The aetiology of abomasal displacement and volvulus is multifactorial, factors include abomasal hypomotility and disruption of the intrinsic nervous system, but it is believed that the origin of all displacements is abomasal atony (Doll, Sickinger and Seeger 2009). It is also strongly associated with hypocalcaemia and hypokalaemia (Zurr and Leonhard-Marek 2012). Atony can be caused by a diet high in concentrates and low in roughages. This kind of diet will increase the amount of volatile fatty acids, methane, nitrogen, and carbon dioxide in the abomasum while it will decrease the motility of the abomasum. The hypomotility will stop gas such as carbon dioxide and methane from leaving the intestinal tract (Doll, Sickinger and Seeger 2009). As gas is trapped in the abomasum, it will distend, enlarge and slide to the lateral side of the ruminal atrium and the ventral ruminal sac. Then it will float up lateral to the rumen and next to the left abdominal wall in LDA and next to the right abdominal wall in RDA.

In LDA, the abomasum will become partly bloated due to the production of gas and abomasal hypomotility (Zebeli et al. 2011). The abomasum will become buoyant and is pushed up lateral to the rumen and next to the left the abdominal wall (Niehaus 2016). The greater curvature and the fundus will first be shifted and then the duodenum and the pylorus will also be displaced. Since the abomasum moved positions, the reticulum, liver, and omasum will be pushed and rotated. The normal pathway of digestion and movement of food will be obstructed and will lead to the cattle decreasing its diet and water intake. Common conditions that accompany this type of displacement are hypokalaemia, secondary ketosis, and hypochloremic metabolic alkalosis. Decreasing water intake and feed intake is the main cause of hypokalaemia (LeBlanc, Leslie and Duffield 2005). Secondary ketosis is usually seen with this type of displacement and is also usually paired with hepatic lipidosis, which is also linked to a decreasing feed intake (Lyons et al. 2014). Hypochloremic metabolic alkalosis is a low level of chloride and a high level of alkali in the blood. Due to abomasal hypomotility, the lining of the abomasum that contains pepsins and hydrochloric acids will release these enzymes into the abomasum. The displacement will cause blockage of abomasal outflow and there will be a reflux of chloride from the abomasum and into the rumen.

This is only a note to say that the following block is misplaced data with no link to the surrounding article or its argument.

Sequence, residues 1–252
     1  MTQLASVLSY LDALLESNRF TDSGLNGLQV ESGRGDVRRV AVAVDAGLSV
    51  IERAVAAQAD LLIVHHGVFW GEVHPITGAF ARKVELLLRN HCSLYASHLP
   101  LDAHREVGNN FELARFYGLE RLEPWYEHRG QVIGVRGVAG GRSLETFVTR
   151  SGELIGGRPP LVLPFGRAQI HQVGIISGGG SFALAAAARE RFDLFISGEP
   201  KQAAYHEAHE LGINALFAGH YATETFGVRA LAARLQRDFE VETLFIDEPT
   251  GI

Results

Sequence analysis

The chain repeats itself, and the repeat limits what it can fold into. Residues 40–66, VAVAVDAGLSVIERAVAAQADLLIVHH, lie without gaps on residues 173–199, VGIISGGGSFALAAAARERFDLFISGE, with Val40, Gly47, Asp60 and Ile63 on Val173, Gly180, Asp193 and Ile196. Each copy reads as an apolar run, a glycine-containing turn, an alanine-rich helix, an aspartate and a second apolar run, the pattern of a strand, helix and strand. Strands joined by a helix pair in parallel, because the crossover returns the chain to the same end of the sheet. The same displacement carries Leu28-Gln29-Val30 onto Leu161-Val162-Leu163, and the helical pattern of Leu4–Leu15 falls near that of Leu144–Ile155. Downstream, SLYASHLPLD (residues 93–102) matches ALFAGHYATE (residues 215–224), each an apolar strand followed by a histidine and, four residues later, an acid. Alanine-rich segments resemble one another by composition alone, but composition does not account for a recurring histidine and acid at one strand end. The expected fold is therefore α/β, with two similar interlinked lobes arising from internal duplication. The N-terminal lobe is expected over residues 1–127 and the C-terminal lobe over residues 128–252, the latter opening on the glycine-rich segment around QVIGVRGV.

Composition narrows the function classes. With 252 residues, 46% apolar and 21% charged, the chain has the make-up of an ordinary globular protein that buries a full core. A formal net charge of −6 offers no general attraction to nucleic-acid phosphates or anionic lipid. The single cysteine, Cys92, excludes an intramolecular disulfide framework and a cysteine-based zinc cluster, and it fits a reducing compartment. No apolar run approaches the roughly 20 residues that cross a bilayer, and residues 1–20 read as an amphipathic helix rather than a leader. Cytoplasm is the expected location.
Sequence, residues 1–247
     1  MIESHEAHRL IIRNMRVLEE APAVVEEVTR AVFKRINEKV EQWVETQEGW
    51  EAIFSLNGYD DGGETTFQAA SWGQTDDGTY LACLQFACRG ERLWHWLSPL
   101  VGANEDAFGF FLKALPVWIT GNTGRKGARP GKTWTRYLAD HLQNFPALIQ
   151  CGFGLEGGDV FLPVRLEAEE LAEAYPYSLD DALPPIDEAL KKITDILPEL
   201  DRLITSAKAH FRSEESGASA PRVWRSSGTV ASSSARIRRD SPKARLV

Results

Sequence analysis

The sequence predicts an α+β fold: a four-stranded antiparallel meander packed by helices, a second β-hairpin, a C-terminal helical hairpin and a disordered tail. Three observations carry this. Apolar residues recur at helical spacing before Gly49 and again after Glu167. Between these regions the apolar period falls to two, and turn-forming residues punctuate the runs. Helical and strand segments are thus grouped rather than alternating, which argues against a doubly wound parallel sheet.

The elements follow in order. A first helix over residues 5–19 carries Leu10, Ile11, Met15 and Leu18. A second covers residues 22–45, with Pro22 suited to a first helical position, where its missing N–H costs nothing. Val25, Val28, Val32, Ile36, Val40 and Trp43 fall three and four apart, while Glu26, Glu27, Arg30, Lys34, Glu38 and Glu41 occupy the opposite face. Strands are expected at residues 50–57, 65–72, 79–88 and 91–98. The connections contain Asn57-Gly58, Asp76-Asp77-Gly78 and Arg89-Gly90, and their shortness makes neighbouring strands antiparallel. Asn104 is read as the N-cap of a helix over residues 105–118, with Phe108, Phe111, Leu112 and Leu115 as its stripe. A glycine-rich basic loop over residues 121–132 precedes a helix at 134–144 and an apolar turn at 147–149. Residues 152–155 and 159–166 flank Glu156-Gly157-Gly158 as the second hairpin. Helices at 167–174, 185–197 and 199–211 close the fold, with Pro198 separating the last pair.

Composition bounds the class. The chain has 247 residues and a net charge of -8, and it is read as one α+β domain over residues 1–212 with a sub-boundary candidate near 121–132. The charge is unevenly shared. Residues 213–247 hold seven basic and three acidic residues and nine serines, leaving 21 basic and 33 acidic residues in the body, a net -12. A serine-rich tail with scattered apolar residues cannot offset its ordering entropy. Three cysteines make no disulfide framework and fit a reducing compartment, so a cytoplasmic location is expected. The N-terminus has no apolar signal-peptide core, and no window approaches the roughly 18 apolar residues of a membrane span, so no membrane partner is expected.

Similar to LDA, the production of gas, abomasal hypomotility, and a bloated abomasum are also common features in RDA. Due to a high level of luminal gas, the abomasum will distend and push up dorsally and lie to the right of the rumen. In a Right Abomasal Volvulus, the abomasum will rotate on its mesenteric axis, twisting onto itself (Niehaus 2016). Standing ventrally on the right side of the cattle, the volvulus will usually be seen as a counter clockwise twist. The bloated abomasum will usually become extremely distended and the lumen pressure will increase sharply (Niehaus 2008). The high abomasal lumen pressure will decrease perfusion and without proper blood supply, the abomasal wall will become necrotic (Constable et al. 1992). The displacement of the omasum, liver, and reticulum can also be involved in the volvulus and can form a structure called an omasal-abomasal volvulus that will also limit blood supply to the omasum (Constable et al. 1991). Simultaneously, consistent secretion of hydrochloric acid into the abomasum and the reflux of chloride from the abomasum into the rumen causes hypochloremic metabolic alkalosis significantly decreasing the blood supply to the abomasum. Without a consistent source of blood supply, abomasal necrosis and acute circulatory failure will occur in the ruminant. This will quickly turn into a critical situation as the cattle may go into shock and high levels of endotoxins will be trapped in the blood leading to a high mortality rate.